As an aspiring poet-revolutionary, I was awed to be in the same room with Galeano, by then a renowned author throughout Latin America, with a growing reputation in the US. His Open Veins of Latin America (1971) and his two Casa de las Américas Awards (in 1975 for La canción de nosotros, a novel, and in 1978 for his Days and Nights of Love and War, a testimonial essay) made him one of Latin America’s most read and admired writers.

But those were my days of connecting to my Cuban revolutionary roots, of being a comecandela, a word in Spanish that conveys a total revolutionary commitment, and this must have tempered my nerves. Comecandela literally means fire-eating, which in English would be best rendered as fire-breathing.

Fire is the image that recurs when thinking of Galeano and his trilogy Memory of Fire, which captures both the urgency — and yes, warmth — of both his imagination and indignation. This fire was one of intelligence, curiosity, and rebellion, the fire of resoluteness, Martín Fierro’s fire from below.

A precocious writer, Galeano was already an editor at Marcha, Uruguay’s prestigious weekly paper at age twenty. He then worked for Epoca and as director of publications at the University until he fled the dictatorship in 1973, moving to Buenos Aires, where he founded the journal Crisis. In 1976, because of the Argentine dictatorship, he fled to Barcelona, where he lived until 1985, when he returned to Montevideo. Along with Juan Carlos Onetti and Mario Benedetti, they founded Brecha in 1985, a weekly meant to continue in the tradition of Marcha; it continues to appear thirty years later.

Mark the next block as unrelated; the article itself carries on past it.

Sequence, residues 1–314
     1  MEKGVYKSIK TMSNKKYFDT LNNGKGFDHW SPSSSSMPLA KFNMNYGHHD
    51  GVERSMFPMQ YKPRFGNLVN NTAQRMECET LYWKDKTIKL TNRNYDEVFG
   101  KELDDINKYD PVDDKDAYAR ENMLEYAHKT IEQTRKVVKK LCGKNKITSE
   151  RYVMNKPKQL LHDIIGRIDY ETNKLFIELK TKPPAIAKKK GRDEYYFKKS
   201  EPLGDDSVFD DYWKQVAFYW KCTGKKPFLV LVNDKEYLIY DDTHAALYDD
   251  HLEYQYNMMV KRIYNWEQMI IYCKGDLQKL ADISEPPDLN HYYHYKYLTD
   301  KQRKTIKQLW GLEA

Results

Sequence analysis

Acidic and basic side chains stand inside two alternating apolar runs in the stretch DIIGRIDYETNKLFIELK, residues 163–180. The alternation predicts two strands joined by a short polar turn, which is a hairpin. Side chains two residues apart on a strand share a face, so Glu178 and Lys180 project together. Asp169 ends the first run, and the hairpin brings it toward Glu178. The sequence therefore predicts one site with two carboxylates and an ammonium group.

In the late eighties he formed his own small publishing house Ediciones del Chanchito (Little Pig Editions), which issued his book on soccer. In 2005, he joined the advisory committee of Tele Sur, the Pan-Latin TV station based out of Caracas, Venezuela. In 2007, he successfully underwent surgery for lung cancer, but eventually it would claim him.

Galeano’s great obsession was memory and history, as he wrote in the Guardian in 2013: “My great fear is that we are all suffering from amnesia.” It terrified him that human beings, ever more distracted by the velocity and depredations of consumer culture, would lose our sense of culture, rootedness, and identity.

He was fond of saying that every time an old person dies in Latin America, it was like having a library burn down, because that person’s life was an enormous repository of living history and culture. One could argue that his work was dedicated to at least capturing some of those voices, of building a library to ward off the ravages of oblivion.